Historic Wintersburg is a Window onto a Forgotten Time

Founded in 1934, this Japanese Presbyterian Church, now boarded up, is the oldest of its in the state. Photo: Carol Cheh.
Founded in 1934, this Japanese Presbyterian Church, now boarded up, is the oldest
of its kind in the state. All photos by Carol Cheh.

 

Warner Avenue (formerly Wintersburg Avenue) in Huntington Beach is a busy street. Six lanes of cars roar by at all times, passing a dense parade of apartment complexes, single-family dwellings, schools, strip malls, chain restaurants, and big-box stores.

Amidst all this modern-day development, the last remaining structures of Historic Wintersburg Village—a farming community settled by European and Japanese pioneers in the mid-1800s—sit quietly at the southeast corner of Warner and Nichols Lane, barely noticed by passersby. Consisting of a cluster of homesteads, a community church, a mission, and a tiny patch of farmland all dating to the turn of the century, this property is a fascinating window onto a bygone era.

The history of the church can be seen in this photo. It began its life in 1934 as the Japanese Presbyterian Church, as inscribed in the building's cornerstone, before being taken over by other congregations.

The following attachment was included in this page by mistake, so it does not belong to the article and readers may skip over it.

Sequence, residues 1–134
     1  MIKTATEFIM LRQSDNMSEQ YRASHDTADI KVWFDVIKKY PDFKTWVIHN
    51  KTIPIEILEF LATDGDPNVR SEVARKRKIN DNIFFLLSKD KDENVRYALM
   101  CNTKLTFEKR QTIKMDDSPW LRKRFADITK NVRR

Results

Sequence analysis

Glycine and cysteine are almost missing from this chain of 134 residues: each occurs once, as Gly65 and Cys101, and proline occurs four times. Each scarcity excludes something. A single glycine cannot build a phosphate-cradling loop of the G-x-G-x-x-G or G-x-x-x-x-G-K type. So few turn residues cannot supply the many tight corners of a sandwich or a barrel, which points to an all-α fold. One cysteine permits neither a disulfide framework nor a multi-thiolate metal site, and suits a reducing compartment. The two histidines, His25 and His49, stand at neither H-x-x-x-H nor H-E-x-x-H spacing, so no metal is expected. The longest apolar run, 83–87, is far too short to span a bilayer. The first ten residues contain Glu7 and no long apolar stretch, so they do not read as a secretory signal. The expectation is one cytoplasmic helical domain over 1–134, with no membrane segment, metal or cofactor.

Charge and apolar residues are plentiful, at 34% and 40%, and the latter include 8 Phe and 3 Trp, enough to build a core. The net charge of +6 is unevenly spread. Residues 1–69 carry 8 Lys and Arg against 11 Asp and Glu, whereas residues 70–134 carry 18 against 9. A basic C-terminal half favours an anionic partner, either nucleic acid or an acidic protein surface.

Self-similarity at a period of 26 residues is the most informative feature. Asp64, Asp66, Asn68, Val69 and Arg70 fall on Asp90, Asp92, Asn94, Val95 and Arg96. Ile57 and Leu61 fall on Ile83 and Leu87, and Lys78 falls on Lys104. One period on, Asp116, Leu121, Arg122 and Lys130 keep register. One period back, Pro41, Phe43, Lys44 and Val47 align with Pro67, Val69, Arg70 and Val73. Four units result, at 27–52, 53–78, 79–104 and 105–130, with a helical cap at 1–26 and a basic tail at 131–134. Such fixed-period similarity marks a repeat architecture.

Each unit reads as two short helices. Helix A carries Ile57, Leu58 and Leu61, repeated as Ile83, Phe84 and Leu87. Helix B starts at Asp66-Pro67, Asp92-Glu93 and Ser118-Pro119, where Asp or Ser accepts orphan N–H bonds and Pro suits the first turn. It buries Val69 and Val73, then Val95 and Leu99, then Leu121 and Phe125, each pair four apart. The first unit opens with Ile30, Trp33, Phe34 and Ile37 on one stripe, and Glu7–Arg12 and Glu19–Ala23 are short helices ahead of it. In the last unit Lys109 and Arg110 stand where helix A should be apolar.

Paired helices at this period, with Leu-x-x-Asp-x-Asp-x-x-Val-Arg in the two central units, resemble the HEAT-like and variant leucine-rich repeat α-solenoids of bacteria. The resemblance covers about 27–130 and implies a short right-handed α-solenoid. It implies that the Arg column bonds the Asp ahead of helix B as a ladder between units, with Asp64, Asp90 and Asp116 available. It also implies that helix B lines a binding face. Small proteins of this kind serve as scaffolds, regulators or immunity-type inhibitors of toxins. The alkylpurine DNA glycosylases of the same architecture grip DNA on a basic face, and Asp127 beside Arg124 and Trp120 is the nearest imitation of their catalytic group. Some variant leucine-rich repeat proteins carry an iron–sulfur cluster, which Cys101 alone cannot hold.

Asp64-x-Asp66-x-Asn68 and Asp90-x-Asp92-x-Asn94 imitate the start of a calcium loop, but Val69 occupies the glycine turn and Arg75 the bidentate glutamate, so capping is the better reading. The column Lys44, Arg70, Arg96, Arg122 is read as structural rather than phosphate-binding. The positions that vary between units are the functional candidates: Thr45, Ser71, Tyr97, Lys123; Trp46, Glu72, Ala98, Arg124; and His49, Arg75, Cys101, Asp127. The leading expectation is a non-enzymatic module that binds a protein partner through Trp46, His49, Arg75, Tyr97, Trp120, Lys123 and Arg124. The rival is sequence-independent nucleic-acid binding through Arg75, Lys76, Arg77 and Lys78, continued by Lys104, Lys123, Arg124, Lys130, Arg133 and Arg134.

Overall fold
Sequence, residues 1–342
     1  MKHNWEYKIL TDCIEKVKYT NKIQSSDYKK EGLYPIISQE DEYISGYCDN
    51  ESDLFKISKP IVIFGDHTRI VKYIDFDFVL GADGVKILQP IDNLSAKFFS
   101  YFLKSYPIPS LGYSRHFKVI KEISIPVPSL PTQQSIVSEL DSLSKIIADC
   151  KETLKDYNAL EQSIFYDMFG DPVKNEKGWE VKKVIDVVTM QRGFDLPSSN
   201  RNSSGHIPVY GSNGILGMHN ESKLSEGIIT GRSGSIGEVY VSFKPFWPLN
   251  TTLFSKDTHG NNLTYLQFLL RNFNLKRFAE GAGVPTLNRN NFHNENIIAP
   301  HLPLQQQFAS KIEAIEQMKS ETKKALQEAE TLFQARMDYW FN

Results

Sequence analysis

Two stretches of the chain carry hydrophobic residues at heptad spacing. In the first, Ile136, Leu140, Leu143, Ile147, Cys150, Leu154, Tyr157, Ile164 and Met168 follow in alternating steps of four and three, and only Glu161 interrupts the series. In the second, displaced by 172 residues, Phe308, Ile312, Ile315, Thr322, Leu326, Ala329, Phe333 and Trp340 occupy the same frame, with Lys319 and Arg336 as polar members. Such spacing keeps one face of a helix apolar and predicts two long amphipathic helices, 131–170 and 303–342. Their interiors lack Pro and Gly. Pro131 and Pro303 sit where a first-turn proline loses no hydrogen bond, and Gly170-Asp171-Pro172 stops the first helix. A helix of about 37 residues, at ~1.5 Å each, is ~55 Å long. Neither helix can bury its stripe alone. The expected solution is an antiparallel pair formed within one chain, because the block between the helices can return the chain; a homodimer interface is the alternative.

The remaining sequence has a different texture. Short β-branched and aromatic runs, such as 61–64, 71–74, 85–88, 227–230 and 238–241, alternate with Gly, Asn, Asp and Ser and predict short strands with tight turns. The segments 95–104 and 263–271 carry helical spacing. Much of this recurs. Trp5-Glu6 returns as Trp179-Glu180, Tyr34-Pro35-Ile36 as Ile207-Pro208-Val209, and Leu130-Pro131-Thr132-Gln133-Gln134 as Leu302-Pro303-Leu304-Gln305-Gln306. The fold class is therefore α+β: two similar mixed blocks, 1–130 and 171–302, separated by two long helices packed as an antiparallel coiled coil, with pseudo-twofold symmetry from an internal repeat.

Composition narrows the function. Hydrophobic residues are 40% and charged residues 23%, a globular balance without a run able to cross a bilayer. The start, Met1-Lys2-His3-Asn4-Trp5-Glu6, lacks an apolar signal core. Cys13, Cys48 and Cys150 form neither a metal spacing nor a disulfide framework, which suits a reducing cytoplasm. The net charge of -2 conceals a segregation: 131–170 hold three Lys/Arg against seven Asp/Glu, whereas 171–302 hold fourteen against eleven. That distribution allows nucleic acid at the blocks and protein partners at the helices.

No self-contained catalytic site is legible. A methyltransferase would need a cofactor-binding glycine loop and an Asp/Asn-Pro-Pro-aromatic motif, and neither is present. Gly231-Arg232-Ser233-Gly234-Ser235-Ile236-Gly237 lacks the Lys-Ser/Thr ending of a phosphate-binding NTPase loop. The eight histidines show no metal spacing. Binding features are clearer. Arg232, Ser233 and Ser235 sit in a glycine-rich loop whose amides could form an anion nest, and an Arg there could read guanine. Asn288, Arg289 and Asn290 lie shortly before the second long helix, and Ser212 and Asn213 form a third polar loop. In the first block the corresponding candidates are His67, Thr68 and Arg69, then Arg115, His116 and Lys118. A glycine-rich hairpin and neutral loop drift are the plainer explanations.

The history of the church can be seen in this photo. It began its life in 1934 as the Japanese Presbyterian Church, as inscribed in the building’s cornerstone, before being taken over by other congregations.
The modest five-acre parcel was purchased by Charles Mitsuji Furuta in 1912, less than a year before California passed the Alien Land Law forbidding Asian immigrants from owning agricultural land. It managed to survive the World War II incarceration era and stay in the Furuta family until 2004, when it was sold to a waste management company.

The church on the corner, founded in 1934 by Orange County’s Japanese immigrant community, is the oldest Japanese Presbyterian Church in the state. The red house near the edge of the property, now falling apart with age, was once a spanking-new, ultra-modern home, built by Furuta for his new bride, Yukiko, whom he brought over from Japan.

Sadly, the parcel is currently threatened with development. A preservation task force, spearheaded by historian and author Mary Adams Urashima, is working to prevent that from happening. Earlier this year, they were helped in their efforts by the National Trust for Historic Preservation, which designated Historic Wintersburg one of the 11 Most Endangered Historic Places of 2014.

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This Saturday at 2 p.m., JANM is pleased to host Mary Adams Urashima, who will discuss the fascinating history of Wintersburg Village, detailed in her highly informative and readable new book, Historic Wintersburg in Huntington Beach (available for purchase in the JANM Store). Come hear some amazing stories of early pioneer life in Orange County and learn how you can help save a vital piece of its history.

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